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Damping Devices

Owing to the inertia of the moving system, when subjected to the deflecting and restoring torques, a number of vibration will be produced before coming finally to rest. To-avoid this, a damping torque is required which opposes the motion and ceases when the pointer comes to rest. The degree of damping should be adjusted to a value which is sufficient to enable the

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pointer to rise quickly to its deflected position without overshooting. In that case, the instrument is said to be dead-beat. If the instrument is over-damped the movement is very slow (and the instrument becomes lithargic) as shown in Fig. 3.

Damping can be provided by the following methods:

  1. Air damping.
  2. Eddy current damping.
  3. Fluid friction damping.

1. Air damping. Fig. 4 shows an arrangement for obtaining air damping. It consists of a thin metal vane MV attached to the spindle S ; the vane moves in a sector-shaped box B. Any tendency of the moving system to oscillate is damped by the action of the air on the vane.

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Fig. 4. Air damping.

2. Eddy current damping. This method of damping is based on the principle that when a conducting non-magnetic material is moved in a magnetic field an e.m.f is induced in it which causes

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Fig. 5. Eddy current damping.

currents called the eddy currents. Due to these eddy currents a force exists between them and the field. Due to Lenz’s law this force is always in opposition to the force causing rotation of the conducting, material, thus, it provides the necessary damping.

  • One form of eddy-current damping is shown in Fig. 5. Here a copper or aluminium disc, curried by a spindle, can move between the poles of a permanent magnet. If the disc moves clockwise, the e.m.f.’s induced in the disc circulate eddy currents as shown dotted. It follows from Lenz’s law that these currents exert a force opposing the motion producing them, namely the clockwise movement of the disc.
  • Another form of providing damping is used in the moving coil instruments using permanent magnet. The moving coil is mounted over a metallic former. When the coil is deflected eddy e.m.f..’s are induced in the two sides of the former, causing eddy forces as shown in Fig. 6.

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Fig. 6. Eddy current damping with permanent magnet.

3. Fluid friction damping. Fig. 7 shows the method of fluid friction damping. Here light vanes are attached to the spindle of the moving system. The vanes are dipped into a pot of damping oil and are completely submerged by the oil. The motion of the moving system is always opposed by the friction of the damping oil on the vanes. The damping force thus created always increases with the increase in velocity of vanes. There is no damping force when the vanes are stationary:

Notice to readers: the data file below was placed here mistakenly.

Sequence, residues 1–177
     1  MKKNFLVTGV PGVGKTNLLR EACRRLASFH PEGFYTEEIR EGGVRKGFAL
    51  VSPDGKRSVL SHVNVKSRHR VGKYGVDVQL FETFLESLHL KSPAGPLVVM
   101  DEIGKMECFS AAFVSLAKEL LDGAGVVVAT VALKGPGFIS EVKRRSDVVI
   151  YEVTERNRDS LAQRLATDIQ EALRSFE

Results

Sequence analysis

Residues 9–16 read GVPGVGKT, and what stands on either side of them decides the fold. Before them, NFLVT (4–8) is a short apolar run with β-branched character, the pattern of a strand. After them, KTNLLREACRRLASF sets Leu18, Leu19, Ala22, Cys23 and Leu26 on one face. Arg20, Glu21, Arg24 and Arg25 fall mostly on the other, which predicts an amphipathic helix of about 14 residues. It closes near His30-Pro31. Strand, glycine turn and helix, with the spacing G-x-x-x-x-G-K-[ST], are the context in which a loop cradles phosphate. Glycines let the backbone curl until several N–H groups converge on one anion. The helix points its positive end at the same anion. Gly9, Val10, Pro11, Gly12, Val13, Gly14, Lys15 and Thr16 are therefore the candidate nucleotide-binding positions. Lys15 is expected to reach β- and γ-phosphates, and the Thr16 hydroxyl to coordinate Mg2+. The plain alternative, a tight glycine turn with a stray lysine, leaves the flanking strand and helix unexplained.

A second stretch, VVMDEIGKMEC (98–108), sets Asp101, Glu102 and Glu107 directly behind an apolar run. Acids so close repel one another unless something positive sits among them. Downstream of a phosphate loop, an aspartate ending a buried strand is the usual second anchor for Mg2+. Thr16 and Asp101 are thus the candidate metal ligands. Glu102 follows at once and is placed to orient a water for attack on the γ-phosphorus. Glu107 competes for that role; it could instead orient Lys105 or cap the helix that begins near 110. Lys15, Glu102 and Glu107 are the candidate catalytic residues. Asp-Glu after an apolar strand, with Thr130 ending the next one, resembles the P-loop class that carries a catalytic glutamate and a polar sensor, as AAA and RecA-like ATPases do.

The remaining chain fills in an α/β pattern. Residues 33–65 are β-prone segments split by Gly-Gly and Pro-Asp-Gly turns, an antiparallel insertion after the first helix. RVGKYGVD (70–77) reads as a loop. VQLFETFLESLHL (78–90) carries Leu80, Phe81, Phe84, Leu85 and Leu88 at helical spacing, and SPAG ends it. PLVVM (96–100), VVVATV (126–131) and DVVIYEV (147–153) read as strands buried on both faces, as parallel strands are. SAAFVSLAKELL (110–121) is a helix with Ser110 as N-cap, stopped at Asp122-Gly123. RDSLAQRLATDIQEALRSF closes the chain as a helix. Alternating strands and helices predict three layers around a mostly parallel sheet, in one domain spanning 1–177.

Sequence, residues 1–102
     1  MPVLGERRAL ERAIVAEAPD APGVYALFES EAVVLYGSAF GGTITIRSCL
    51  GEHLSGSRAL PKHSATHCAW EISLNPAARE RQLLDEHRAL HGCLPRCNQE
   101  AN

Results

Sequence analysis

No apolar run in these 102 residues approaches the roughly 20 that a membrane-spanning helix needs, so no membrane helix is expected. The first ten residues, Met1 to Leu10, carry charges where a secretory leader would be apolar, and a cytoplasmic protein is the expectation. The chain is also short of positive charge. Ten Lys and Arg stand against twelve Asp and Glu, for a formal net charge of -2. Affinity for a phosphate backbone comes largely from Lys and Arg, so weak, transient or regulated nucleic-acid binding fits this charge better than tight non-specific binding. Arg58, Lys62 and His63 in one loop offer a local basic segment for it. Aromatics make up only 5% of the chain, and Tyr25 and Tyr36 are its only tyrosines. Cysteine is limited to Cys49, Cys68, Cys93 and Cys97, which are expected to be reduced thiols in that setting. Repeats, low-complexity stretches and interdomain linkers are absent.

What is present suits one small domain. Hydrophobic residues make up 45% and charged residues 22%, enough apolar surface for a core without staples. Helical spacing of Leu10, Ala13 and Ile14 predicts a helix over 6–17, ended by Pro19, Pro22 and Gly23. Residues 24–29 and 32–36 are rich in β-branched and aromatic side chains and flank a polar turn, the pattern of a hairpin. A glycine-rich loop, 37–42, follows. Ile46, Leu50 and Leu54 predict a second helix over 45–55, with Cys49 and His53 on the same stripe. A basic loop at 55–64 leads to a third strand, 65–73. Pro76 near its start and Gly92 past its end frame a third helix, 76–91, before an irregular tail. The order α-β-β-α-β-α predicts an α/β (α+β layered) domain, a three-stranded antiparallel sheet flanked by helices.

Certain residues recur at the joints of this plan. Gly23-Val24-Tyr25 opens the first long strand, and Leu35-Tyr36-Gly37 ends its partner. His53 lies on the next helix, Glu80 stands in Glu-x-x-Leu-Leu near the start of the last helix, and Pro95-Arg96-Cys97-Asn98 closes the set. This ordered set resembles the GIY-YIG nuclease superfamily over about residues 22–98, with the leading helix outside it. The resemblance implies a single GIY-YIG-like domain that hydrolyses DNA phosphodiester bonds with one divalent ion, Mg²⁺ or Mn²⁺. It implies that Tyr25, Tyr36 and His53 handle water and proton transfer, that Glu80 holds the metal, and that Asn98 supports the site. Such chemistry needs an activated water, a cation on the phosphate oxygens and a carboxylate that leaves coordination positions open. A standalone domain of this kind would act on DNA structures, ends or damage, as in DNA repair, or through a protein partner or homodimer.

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Fig. 7. Fluid friction damping.

The damping oil used must have the following properties:

(i)                           Must be a good insulator.

(ii)                        Should be non-evaporating.

(iii)                      Should not have corrosive action upon the metal of the vane.

(iv)                      The viscosity of the oil should not change with the temperature.

Though in this method of damping, no case is required as in the air friction damping but it is not much used due to the following disadvantages:

(i)                           Objectionable creeping of oil.

(ii)                        Using the instrument always in the vertical position and its obvious unsuitability for use in portable instruments.

The principle types of electrical indicating instruments, together with the methods of control and damping, are summarized below:

S.No.

Type of instrument

Suitable for measuring

Method of control

Method of damping

1.

Moving-iron Current and voltage, D.C. and A.C. Hair springs Air

2.

Permanent magnet moving coil Current and voltage, D.C. only Hair springs Eddy current

3.

Thermocouple Current and voltage, D.C. and A.C. As for moving coil As for moving coil

4.

Electro-dynamic or dynamometer Current, voltage and power, D.C. and A.C. Hair springs Air

5.

Electrostatic Voltage only, D.C. and A.C. Hair springs Air or eddy current

6.

Rectifier Current and voltage, A.C. only As for moving coil As for moving coil

 

Note. Apart from the electrostatic type of voltmeter, all voltmeters are in effect milliammeters connected in series with non-reactive resistor having a high resistance.

Difference between an ammeter and a voltmeter

An ammeter and a voltmeter work on the same principle. The ammeter has a low resistance so that when it is connected in series with any circuit, it does not change the current. The voltmeter has a high resistance and it is so designed that when connected in parallel to the circuit for measuring voltages it does not take appreciable current.

An ammeter of low range can be used as a voltmeter by connecting an external resistance in series with it.